Exercise $$\PageIndex{49}$$

$$\frac{\frac{x^2−9x+8}{x^2−9}}{\frac{x^2−8x−15}{−8x−x^2}}$$

Provided $$x \ne −3, 3, −5, 0, 8$$,

$$−\frac{(x−1)(x+5)}{x(x−3)}$$

Exercise $$\PageIndex{50}$$

$$\frac{x+5}{x^2+2x+1} \div \frac{x−2}{x^2+10x+9}$$

Exercise $$\PageIndex{51}$$

$$\frac{\frac{x^2−4}{x+8}}{\frac{x^2−10x+16}{x+3}}$$

Provided $$x \ne −8, 8, 2, −3$$,

$$\frac{(x+2)(x+3)}{(x+8)(x−8)}$$

Exercise $$\PageIndex{52}$$

$$\frac{27−6x−x^2}{x^2+9x+20} \div \frac{x^2−12x+27}{x^2+5x}$$

Exercise $$\PageIndex{53}$$

$$\frac{\frac{x^2+5x+6}{x^2 − 36}}{\frac{x−7}{−6−x}}$$

Provided $$x \ne 6, −6, 7$$,

$$−\frac{(x+2)(x+3)}{(x−6)(x−7)}$$

Exercise $$\PageIndex{54}$$

$$\frac{2−x}{x−5} \div \frac{x^2+3x−10}{x^2−14x+48}$$

Exercise $$\PageIndex{55}$$

$$\frac{\frac{x+3}{x^2 +4x−12}}{\frac{x−4}{x^2−36}}$$

Provided $$x \ne 2, −6, 4, 6$$,

$$\frac{(x+3)(x−6)}{(x−2)(x−4)}$$

Exercise $$\PageIndex{56}$$

$$\frac{x+3}{x^2−x−2​​​​​​} \div \frac{x}{x^2−3x−4}$$

Exercise $$\PageIndex{57}$$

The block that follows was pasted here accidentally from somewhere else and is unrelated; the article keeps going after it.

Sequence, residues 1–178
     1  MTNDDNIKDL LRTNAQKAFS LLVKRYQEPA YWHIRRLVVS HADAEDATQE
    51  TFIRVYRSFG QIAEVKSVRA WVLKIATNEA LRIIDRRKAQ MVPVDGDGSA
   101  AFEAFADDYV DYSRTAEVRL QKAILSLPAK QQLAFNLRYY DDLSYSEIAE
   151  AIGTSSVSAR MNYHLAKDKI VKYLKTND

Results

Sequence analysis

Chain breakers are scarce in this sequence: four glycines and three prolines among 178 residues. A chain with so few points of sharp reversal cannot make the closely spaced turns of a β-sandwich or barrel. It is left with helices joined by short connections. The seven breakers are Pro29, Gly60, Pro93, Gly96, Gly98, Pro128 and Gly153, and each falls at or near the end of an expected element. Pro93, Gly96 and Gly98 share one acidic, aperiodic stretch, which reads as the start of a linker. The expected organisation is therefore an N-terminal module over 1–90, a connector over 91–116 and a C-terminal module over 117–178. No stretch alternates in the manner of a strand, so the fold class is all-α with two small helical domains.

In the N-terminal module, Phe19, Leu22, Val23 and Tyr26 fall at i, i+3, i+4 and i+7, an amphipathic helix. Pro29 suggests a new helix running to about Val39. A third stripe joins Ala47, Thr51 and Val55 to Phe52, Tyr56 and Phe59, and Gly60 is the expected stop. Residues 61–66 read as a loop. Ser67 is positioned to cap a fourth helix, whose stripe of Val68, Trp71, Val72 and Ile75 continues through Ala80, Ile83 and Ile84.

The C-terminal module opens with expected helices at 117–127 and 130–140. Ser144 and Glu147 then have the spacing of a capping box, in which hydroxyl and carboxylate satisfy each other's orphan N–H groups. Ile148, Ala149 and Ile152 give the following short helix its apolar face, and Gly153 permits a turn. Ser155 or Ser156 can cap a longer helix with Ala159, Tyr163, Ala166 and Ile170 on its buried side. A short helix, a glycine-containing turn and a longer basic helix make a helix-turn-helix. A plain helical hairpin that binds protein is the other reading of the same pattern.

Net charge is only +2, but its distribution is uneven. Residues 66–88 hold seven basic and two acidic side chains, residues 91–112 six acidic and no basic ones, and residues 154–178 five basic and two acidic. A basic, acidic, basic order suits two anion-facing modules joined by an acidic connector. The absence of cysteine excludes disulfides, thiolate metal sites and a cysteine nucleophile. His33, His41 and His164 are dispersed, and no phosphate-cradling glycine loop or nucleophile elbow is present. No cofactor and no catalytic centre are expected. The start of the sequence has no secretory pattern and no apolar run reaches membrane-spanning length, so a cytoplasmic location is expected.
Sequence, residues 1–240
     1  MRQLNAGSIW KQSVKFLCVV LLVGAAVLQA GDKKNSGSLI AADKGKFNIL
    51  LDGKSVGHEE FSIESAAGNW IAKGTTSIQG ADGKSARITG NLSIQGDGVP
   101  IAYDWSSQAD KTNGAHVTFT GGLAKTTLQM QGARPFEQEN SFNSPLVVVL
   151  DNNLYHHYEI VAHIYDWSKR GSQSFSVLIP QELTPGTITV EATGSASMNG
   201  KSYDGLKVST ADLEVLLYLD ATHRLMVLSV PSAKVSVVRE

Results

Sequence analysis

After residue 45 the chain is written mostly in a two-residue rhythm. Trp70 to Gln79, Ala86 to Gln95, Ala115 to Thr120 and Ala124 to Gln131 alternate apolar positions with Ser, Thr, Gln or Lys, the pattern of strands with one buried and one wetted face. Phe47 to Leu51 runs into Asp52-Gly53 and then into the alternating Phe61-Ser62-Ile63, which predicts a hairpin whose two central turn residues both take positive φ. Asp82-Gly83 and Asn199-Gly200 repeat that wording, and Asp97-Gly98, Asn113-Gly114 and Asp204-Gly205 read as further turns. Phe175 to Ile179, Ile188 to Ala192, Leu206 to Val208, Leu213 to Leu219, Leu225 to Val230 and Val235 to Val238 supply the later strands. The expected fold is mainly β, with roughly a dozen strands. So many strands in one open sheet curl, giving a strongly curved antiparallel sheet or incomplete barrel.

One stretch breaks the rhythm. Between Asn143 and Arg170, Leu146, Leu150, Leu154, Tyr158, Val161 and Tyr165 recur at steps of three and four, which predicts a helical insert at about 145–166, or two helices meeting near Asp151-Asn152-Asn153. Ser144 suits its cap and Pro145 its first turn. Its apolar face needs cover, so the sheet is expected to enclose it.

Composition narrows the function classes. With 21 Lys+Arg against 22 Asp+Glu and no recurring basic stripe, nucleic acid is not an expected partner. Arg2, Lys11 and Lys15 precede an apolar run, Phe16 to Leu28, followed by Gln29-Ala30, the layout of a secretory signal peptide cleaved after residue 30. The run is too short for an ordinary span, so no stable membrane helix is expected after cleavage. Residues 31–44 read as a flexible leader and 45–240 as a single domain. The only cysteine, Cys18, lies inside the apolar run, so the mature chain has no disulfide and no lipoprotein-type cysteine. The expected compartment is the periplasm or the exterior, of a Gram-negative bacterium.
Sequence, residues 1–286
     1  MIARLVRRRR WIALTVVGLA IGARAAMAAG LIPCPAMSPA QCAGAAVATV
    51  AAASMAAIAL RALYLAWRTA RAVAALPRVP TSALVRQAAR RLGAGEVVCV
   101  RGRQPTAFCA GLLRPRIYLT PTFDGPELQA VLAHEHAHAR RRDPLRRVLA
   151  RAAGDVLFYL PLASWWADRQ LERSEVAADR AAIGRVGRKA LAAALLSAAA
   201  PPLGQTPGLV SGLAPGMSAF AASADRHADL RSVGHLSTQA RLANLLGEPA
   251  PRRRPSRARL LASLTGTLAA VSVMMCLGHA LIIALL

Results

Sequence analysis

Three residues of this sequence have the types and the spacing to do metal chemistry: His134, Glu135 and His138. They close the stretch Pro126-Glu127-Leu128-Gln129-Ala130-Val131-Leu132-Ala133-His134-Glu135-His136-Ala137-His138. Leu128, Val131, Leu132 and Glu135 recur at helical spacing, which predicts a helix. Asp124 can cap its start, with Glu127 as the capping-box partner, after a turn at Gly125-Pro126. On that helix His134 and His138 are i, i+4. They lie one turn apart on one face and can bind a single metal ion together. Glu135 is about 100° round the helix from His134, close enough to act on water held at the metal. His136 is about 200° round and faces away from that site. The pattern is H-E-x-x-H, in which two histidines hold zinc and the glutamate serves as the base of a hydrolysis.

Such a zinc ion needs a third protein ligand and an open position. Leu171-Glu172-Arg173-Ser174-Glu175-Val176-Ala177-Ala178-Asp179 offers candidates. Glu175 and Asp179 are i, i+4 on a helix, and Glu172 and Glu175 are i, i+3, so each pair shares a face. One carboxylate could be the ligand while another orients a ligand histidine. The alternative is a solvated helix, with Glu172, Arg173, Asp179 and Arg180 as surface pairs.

$$\frac{x^2−11x+28}{x^2+5x+6} \div \frac{7x^2−30x+8}{x^2−x−6}$$

Provided $$x \ne −2, −3, 3, \frac{2}{7}, 4$$,

$$\frac{(x−7)(x−3)}{(7x−2)(x+3)}$$

Exercise $$\PageIndex{58}$$

$$\frac{\frac{x−7}{3−x}}{\frac{2x^2+3x−5}{x^2−12x+27}}$$

Exercise $$\PageIndex{59}$$

Let

$$f(x) = \frac{x^2−7x+10}{x^2+4x−21}$$

and

$$g(x) = \frac{5x−x^2}{x^2+15x+56}$$

Compute $$\frac{f(x)}{g(x)}$$ and simplify your answer.

Provided $$x \ne −7, 3, −8, 0, 5$$,

$$−\frac{(x−2)(x+8)}{x(x−3)}$$

Exercise $$\PageIndex{60}$$

Let

$$f(x) = \frac{x^2+15x+56}{x^2−x−20}$$

and

$$g(x) = \frac{−7−x}{x+1}$$

Compute $$\frac{f(x)}{g(x)}$$ and simplify your answer.

Exercise $$\PageIndex{61}$$

Let

$$f(x) = \frac{x^2+12x+35}{x^2+4x−32}$$

and

$$g(x) = \frac{x^2−2x−35}{x^2+8x}$$

Compute $$\frac{f(x)}{g(x)}$$ and simplify your answer.

Provided $$x \ne −8, 4, 0, 7, −5$$,

$$\frac{x(x+7)}{(x−4)(x−7)}$$

Exercise $$\PageIndex{62}$$

Let

$$f(x) = \frac{x^2+4x+3}{x−1}$$

and

$$g(x) = \frac{x^2−4x−21}{x+5}$$

Compute $$\frac{f(x)}{g(x)}$$ and simplify your answer.

Exercise $$\PageIndex{63}$$

Let

$$f(x) = \frac{x^2+x−20}{x}$$

and

$$g(x) = \frac{x−1}{x^2−2x−35}$$

Provided $$x \ne 0, 7, −5$$,

$$\frac{(x−4)(x−1)}{x(x−7)}$$

Exercise $$\PageIndex{64}$$

Let

$$f(x) = \frac{x^2+10x+24}{x^2−13x+42}$$

and

$$g(x) = \frac{x^2−6x−7}{x^2+8x+12}$$

Exercise $$\PageIndex{65}$$

Let
$$f(x) = \frac{x+5}{−6−x}$$

and

$$g(x) = \frac{x^2+8x+12}{x^2−49}$$

Provided $$x \ne −6, −7, 7$$,

$$−\frac{(x+5)(x+2)}{(x+7)(x−7)}$$

Exercise $$\PageIndex{66}$$

Let

$$f(x)= \frac{8−7x−x^2}{x^2−8x−9}$$

and

$$g(x) = \frac{x^2−6x−7}{x^2−6x+5}$$